by Robbie Laird
I like to work in a variety of watermedia — from painting en plein air with watercolor to creating a watermedia monotype, or a series of large watermedia paintings in my studio.
After many years of painting, I believe the most valuable initial step in my painting process is unseen and evolves over time. Unpredictably, something stops me in my tracks, and I see or think about it in a new way. This is the seed that, once planted, germinates over time to become a concept that I want to express.
Sometimes the growth of the idea is lengthy and continues to develop through a series of many paintings. Other times it is nearly instantaneous, and the concept, content, and process are clear to me almost immediately. The most important first part of my process is to be eager to paint something that is meaningful to me. It is also important to have a process that I know is tried and true for me and has brought success. I choose one of those favorite processes depending on my specific goals for a painting.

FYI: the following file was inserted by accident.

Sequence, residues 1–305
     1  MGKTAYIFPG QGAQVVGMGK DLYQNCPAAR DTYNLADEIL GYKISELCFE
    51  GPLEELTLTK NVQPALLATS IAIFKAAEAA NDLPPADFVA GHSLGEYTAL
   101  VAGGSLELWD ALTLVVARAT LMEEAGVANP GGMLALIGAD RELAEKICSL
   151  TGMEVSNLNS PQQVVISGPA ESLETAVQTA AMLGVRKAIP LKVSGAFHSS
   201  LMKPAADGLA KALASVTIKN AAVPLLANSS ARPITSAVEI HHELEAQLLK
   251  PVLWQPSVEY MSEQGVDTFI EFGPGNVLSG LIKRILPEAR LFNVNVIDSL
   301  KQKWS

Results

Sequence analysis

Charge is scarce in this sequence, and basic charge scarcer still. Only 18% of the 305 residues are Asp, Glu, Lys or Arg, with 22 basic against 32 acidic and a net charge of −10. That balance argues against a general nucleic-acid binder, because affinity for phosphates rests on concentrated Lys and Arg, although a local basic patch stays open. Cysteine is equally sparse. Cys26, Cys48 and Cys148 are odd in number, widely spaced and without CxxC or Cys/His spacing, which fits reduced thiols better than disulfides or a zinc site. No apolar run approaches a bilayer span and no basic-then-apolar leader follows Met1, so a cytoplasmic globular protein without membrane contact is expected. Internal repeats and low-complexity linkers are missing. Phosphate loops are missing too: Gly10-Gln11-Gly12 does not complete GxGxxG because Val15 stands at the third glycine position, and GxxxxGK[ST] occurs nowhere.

I came up with what is now a favorite process through experimentation and trial and error while I was working on a series of large watermedia paintings in my studio. I find this process works equally well for a variety of subjects and I really enjoy it because it provides me with reliable satisfaction as well as unexpected challenges that keep me interested throughout the entire painting process.
I begin by surrounding myself with my personal resources: my sketches, notes, value studies, color studies, and my digital photos — everything that I have collected about the subject or concept I’m trying to depict so that I am surrounding myself with my own sources of inspiration. Usually a series begins when I realize that I want to say more than I can in one painting. To save myself from overpainting or cramming too much into one piece, I decide in the beginning this needs to be a series.
An example of using this is my series of layered paintings of trees and rocks (see Time and Time Again, Summer Day, and Perseverant Partnership #2).